The Smithsonian's National Zoo is asking for help to name its female giant panda cub. Panda fans can vote for their favorite name on Smithsonian.com beginning today, Election Day, Nov. 5, at 2 p.m. EST until Nov. 22. The winning name will be revealed at a ceremony Dec. 1, when the cub is 100 days old. It is tradition in China to celebrate when a baby turns 100 days old. Voters will have five Mandarin Chinese names to choose from:
- Bao Bao (宝宝) — precious, treasure. (bow-BOW)
- Ling Hua (玲花) — darling, delicate flower. (ling-HWA)
- Long Yun (龙韵) — long is the Chinese symbol of the dragon, yun means charming. Combined this represents a sign of luck for panda cooperation between China and the U.S. (long-YOON)
- Mulan (木兰) — a legendary young woman, a smart and brave Chinese warrior from the fifth century; it also means magnolia flower in Chinese. (moo-LAHN)
- Zhen Bao (珍宝) — treasure, valuable. (jen-BAO)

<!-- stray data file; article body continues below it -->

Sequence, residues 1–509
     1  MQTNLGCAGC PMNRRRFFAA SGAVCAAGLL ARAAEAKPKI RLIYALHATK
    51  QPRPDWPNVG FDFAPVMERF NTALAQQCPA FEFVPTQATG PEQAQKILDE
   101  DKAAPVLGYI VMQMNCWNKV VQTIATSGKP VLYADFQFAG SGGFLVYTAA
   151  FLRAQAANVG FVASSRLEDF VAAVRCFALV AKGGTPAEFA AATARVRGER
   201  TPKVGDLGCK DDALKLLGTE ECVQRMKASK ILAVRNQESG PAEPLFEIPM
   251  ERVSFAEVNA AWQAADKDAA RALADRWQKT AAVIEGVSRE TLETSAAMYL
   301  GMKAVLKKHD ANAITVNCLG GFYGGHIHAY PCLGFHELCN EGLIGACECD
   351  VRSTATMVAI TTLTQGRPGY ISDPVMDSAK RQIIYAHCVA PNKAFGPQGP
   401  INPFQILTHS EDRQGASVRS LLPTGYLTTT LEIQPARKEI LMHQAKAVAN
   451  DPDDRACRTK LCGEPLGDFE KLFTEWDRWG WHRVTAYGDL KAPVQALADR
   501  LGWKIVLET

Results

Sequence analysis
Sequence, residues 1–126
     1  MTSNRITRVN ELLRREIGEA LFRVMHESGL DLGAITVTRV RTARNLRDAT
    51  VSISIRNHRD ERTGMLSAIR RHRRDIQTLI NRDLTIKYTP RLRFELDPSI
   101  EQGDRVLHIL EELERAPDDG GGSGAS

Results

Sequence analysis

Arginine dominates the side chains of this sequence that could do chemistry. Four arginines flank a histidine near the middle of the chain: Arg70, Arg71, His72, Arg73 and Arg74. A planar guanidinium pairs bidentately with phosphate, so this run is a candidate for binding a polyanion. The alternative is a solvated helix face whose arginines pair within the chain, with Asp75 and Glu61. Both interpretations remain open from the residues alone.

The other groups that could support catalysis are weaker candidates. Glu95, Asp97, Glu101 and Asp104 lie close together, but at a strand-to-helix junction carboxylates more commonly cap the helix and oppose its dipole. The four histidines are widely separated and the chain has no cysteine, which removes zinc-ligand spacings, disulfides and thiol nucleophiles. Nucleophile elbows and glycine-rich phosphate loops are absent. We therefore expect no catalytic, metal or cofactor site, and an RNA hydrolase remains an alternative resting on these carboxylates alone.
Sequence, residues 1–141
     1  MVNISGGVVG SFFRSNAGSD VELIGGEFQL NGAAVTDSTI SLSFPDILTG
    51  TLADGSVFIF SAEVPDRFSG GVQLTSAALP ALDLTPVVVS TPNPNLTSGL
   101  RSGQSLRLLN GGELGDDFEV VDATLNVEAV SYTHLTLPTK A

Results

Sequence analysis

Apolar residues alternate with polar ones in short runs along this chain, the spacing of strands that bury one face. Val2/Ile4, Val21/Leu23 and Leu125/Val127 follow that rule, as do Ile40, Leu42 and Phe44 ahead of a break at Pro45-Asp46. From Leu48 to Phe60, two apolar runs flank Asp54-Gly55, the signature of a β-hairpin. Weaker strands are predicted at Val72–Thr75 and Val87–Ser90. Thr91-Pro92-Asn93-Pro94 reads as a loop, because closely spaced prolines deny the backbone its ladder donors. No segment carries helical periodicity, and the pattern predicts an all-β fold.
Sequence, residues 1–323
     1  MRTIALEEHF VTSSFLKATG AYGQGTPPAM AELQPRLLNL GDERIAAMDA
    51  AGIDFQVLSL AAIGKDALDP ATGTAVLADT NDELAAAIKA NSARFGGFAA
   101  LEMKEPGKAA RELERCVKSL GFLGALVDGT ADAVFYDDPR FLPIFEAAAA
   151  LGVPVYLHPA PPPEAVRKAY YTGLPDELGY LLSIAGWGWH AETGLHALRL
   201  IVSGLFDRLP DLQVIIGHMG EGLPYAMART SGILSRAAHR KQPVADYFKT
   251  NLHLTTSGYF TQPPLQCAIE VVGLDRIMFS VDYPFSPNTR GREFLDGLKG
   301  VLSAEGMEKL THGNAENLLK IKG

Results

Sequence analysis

People's Republic of China Ambassador to the United States Cui Tiankai, U.S. Ambassador to China Gary Locke and his family, giant panda keepers at the National Zoo, giant panda keepers from the China Conservation and Research Center for the Giant Panda in Wolong, and Friends of the National Zoo each submitted a name for the cub.
On the voting webpage (available in English and Mandarin) voters and avid panda fans alike can learn more about the cub and her parents, Mei Xiang (may-SHONG) and Tian Tian (t-YEN t-YEN), and giant panda research at the Smithsonian's National Zoo. The page will also include exclusive never-before-seen photos of the cub.
Since her birth Aug. 23 at 5:32 p.m., which was broadcast live on the panda cams, viewers all over the world have watched the cub grow. She weighed less than 5 ounces when she was born but now tips the scales at 8.14 pounds (3.7 kilos). During the past month she has started to crawl and opened her eyes. She will make her public debut at the David M. Rubenstein Family Giant Panda Habitat early in 2014.
When the cub is 4 years old she will move permanently to the China Conservation and Research Center for the Giant Panda in Wolong where she will enter into the giant panda breeding program. Scientists at the Center were part of the teams assembled to perform artificial inseminations on Mei Xiang from 2011 to 2013. SCBI scientists are traveling to China this month to participate in the giant panda technical meeting.